Ryan Fallon offered Northern Bridge Studentship about the Stannington Sanatorium

Ryan Fallon, who completed his Masters at Newcastle University last year, has been been appointed to a Northern Bridge Studentship for an oral history project, starting this October.

This project is centred around children’s experiences of the Stannington Sanatorium. Situated in Morpeth, the Stannington Sanatorium was England’s first tuberculosis sanatorium specially designed for children. Other projects have used the hospital as a focal point for analysis, but the patient’s voice as a mixed methodological standpoint has yet to be addressed. Ryan’s project will consider the perspective of the child patient, which is often overlooked within medical care and within discourses around the ‘patient voice’. 

The provisional title of the project is: ‘Finding the Voice of the Child Patient: The Stannington Children’s Hospital, 1920-1980’, which is a development of Ryan’s Masters dissertation. Through an innovative amalgamation of oral history, visual culture studies, archival research, and material culture analysis, Ryan’s will seek out the voice of the child patient and thereby provide a new analysis of an important medical site. 

Ryan aims to demonstrate how intersecitonalities of age, class, and gender impacted on people’s perceptions of space and time, and how they formed relationships. Gender, for example, played an important part in who the child played with and who the child saw on a daily basis. The role that the children attributed to their caregivers also impacted their relationship bonds. Using Oral History studies, the project hopes to illuminate how the experiences of the patient in their formative years impacted their adult lives. In doing so, it attempts to answer the important methodological question of how historians can recover patients’ voices when the stability and reliability of their voices is in doubt.  

This project will use other materials, in addition to oral history. Ryan will weave therapeutic horticulture and the impact of hospital architecture into his research, discussing them from a sensorial and oral history standpoint. The project will also examine x-ray plates using visual culture studies. Medical materials – such as X-ray plates, and patient profiles – often lack a distinctive “voice”. Ryan’s project will attempt to demonstrate how material written about the patient, by a trained doctor, can reveal information, and how patient profiles show progression over time. When paired with oral history testimonies, these can show that health care provisions, offered to children from a low economic background, had a positive impact on the lives of the children, something which will be demonstrated further by his use of the five families study.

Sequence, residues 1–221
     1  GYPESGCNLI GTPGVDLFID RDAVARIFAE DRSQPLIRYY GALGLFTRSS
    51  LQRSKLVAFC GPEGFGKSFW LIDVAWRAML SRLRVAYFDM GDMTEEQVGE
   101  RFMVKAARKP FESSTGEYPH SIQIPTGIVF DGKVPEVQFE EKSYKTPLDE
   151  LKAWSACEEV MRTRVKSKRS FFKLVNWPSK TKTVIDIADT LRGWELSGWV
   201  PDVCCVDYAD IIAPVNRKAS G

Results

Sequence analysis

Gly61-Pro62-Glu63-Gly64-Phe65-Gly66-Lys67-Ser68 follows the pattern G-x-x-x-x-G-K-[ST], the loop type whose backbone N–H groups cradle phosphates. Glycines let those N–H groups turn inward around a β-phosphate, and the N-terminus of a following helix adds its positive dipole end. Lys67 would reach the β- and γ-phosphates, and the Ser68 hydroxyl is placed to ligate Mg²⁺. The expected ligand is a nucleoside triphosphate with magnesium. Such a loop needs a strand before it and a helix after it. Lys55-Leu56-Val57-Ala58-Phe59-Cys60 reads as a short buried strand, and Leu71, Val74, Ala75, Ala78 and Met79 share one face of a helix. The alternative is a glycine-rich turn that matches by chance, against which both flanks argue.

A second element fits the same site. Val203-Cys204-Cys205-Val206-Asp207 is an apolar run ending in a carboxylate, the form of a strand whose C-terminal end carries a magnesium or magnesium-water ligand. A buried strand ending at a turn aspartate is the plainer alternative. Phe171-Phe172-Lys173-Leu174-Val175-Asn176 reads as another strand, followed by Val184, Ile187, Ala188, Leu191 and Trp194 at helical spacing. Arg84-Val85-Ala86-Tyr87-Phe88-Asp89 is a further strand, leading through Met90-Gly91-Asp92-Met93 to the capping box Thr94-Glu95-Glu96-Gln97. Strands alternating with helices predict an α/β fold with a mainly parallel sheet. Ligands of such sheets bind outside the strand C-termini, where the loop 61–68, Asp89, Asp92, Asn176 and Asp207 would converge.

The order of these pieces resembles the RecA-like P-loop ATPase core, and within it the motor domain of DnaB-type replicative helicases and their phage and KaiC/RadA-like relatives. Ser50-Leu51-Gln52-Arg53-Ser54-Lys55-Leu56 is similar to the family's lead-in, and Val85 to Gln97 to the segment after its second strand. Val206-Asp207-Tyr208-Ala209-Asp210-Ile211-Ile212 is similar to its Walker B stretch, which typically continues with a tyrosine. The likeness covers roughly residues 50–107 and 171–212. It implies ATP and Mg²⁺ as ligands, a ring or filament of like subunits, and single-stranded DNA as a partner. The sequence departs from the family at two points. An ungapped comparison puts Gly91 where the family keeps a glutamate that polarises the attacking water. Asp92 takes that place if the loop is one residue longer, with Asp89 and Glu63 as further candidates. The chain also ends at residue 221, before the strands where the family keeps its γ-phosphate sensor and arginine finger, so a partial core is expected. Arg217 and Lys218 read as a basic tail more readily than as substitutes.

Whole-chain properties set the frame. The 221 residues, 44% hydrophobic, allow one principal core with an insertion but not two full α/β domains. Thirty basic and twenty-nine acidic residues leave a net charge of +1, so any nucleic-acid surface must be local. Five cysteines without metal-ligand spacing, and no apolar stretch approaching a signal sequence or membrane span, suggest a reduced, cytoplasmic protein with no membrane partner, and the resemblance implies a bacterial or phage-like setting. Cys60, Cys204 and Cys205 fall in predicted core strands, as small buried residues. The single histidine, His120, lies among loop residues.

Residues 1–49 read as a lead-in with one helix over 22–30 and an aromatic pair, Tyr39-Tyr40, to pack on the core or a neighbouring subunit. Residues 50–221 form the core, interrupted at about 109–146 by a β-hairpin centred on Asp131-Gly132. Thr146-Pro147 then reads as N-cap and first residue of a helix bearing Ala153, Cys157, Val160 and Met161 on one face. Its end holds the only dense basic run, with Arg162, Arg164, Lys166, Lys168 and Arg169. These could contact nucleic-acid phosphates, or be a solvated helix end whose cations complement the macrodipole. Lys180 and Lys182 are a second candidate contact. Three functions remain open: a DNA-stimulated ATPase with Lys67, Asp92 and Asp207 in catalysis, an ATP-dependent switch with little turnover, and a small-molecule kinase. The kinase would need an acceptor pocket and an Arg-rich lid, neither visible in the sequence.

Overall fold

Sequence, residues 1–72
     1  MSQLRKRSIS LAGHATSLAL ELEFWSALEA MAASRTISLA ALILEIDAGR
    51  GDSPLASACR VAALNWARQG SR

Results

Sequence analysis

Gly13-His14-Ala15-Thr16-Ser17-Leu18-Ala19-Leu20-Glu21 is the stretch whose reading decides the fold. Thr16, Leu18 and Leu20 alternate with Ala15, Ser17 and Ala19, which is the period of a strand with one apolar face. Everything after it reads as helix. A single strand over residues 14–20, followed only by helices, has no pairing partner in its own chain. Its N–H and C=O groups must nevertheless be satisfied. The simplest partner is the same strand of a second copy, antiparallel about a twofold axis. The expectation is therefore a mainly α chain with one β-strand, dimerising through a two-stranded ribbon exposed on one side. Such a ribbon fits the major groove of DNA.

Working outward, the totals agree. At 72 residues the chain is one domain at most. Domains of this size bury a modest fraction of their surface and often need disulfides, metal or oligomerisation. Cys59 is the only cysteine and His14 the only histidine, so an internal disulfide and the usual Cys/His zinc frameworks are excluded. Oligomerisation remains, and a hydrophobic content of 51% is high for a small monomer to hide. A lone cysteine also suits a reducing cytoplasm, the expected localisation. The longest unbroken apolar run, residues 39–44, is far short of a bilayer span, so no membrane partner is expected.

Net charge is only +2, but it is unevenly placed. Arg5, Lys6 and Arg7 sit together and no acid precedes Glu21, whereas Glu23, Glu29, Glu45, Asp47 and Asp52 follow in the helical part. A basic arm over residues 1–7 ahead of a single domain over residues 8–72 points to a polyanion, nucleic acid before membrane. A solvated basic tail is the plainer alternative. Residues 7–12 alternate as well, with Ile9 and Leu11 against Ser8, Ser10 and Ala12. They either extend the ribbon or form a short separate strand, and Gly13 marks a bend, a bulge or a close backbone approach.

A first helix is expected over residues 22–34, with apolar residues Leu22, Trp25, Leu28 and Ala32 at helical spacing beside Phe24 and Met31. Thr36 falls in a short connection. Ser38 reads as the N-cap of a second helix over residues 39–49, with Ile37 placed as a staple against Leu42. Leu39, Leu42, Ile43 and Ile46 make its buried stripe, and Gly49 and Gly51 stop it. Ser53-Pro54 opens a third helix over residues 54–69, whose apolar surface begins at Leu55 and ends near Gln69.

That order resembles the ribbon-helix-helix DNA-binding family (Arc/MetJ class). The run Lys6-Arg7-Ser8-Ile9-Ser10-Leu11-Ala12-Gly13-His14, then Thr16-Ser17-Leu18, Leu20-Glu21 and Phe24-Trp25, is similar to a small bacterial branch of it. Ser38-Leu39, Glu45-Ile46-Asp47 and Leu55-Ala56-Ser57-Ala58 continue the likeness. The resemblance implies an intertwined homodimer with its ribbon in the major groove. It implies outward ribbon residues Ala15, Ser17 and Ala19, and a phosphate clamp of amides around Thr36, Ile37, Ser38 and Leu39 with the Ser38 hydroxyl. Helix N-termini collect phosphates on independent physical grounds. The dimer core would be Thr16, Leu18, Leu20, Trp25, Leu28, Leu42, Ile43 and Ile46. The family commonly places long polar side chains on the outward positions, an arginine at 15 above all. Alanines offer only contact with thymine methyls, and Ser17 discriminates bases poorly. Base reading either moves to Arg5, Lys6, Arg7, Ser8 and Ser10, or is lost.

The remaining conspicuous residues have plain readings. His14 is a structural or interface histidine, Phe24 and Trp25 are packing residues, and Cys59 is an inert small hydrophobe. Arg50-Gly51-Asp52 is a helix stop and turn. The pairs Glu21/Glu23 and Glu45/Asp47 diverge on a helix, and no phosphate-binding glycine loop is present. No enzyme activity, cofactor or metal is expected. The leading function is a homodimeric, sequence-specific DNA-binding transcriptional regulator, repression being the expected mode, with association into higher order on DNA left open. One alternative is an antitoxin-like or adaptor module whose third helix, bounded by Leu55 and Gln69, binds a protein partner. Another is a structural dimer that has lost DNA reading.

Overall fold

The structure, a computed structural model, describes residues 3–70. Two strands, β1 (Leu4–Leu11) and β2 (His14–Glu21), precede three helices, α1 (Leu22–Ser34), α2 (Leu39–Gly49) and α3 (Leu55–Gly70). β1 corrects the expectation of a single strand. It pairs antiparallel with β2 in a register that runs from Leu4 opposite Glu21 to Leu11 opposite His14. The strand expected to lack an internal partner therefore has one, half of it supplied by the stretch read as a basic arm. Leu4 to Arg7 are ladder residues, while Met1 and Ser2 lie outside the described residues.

The project will contextualise the experiences of the child patient within the United Kingdom by drawing on research from other health institutions. It will implement comparative approaches to seek out and express similarities and differences between the Stannington Sanatorium and Craig-Y-Nos sanatorium in Wales. In turn this will centralise working-class experiences of medical care, and how these can vary based on location. This will allow the project to cater to some contemporary discussions about health; discussing how class, place, and age, all have an impact on hospital care.  

Throughout this project, Ryan, who is an active member of the Newcastle Oral History Collective, will be supervised by Lutz Sauerteig (Senior Lecturer in History of Medicine), Graham Smith (Professor of Oral History), and Coreen McGuire (Lecturer in British History at Durham), working with the Northumberland Archives. Graham Smith will be instrumental to the project, allowing it to flourish through oral history and memory studies. Lutz Sauerteig – who supervised Ryan’s Master’s dissertation – will provide much-needed guidance on children’s history. Coreen McGuire will provide Ryan with valuable knowledge of visual culture studies. The Northumberland Archives currently hold the material of the Stannington Sanatorium. Their help and knowledge will be crucial to the project and will be a welcome source of information gathering.

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